The connections formed across disciplines in Vienna included interactions with musicians like Mahler who were bridging from Mozart and Beethovan to a new school of composers. It included interactions with the expressionist and early abstract painters including Klimt and Kandinsky in Vienna and Cézanne and Picasso elsewhere in Europe. Klimt in particular interacted with scientists and artists; he was influenced by Darwin and the research coming from London’s Royal Society. For example, Klimt’s paintings, Adele Bloch-Bauer’s Portrait and The Kiss include geometric, cell structures hidden within the figure.

These artists and musicians were using the ideas of deconstruction to experiment with perspective, time, and form. Eric Kandel, The Age of Insight, reconnects these: “Visual perception begins in the retina as an information-processing system that deconstructs the form of objects and faces and then turns the critical components of those images into a neural code; this code is reflected in a pattern of action potentials in the brain (p. 219).”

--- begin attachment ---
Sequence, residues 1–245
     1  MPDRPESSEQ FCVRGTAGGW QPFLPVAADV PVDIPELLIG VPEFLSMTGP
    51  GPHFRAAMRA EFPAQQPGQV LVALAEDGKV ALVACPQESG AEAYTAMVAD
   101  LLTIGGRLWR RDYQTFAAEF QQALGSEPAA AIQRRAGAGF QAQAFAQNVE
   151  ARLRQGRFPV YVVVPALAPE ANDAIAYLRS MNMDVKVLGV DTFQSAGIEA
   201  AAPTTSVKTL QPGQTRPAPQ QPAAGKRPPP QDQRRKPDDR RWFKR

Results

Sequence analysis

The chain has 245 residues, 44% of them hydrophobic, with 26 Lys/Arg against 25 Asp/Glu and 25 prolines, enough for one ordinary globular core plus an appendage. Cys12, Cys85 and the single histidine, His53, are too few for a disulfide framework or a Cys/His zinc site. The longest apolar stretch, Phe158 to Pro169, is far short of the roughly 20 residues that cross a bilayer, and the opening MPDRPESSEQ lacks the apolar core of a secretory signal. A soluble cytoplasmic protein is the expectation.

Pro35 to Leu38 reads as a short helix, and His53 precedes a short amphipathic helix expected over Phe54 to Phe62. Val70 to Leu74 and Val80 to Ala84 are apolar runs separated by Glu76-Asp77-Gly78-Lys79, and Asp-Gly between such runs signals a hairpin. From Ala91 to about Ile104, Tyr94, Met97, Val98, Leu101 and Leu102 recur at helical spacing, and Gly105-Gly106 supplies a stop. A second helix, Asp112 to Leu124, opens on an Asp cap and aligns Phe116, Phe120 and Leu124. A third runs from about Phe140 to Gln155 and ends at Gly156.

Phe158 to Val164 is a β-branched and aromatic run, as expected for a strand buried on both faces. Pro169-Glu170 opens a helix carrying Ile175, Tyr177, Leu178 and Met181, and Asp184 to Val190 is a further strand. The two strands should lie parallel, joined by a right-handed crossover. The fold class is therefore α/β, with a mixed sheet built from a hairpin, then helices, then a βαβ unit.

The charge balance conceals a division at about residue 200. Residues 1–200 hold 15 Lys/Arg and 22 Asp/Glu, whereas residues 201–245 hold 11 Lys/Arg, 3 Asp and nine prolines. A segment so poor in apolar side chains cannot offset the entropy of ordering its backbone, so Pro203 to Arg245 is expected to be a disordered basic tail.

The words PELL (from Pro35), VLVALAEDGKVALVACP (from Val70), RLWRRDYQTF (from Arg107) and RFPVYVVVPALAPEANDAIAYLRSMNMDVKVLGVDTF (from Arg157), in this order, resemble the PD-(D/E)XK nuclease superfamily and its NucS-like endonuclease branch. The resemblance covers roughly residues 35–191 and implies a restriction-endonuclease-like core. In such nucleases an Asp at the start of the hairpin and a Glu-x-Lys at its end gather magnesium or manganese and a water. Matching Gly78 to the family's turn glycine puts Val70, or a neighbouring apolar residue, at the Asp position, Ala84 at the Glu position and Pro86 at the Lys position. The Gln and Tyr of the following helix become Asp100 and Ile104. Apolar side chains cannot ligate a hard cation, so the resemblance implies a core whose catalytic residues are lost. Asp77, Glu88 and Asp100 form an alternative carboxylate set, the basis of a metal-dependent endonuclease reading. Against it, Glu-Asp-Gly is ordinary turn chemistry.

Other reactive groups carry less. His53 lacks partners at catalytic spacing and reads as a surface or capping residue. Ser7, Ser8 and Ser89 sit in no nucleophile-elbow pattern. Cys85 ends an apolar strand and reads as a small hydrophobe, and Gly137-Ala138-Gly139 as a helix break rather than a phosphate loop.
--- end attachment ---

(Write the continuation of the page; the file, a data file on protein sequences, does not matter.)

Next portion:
Kandel asks if there is a common set of neurological skills underlying all of this creativity? While not implying that scientists, artists, philosophers, and musicians can swap places, his argument is that creative insight is universal. He suggests that creativity depends “on abilities like constructing metaphor, reinterpreting data, connecting unrelated ideas, resolving contradictions, and eliminating arbitrariness (TAoI, p. 458).” While “arbitrariness” is different for a quantum physicist and a painter, Aha! moments arise from similar strategies: planning, then relaxation, and even dreaming.

Research in neuroscience demonstrates that “the brain is a creativity machine. It searches for patterns amid chaos and ambiguity and it constructs models of the complex reality around us. This search for order and pattern is at the heart of the artistic and the scientific enterprise alike (TAoI, p.498).”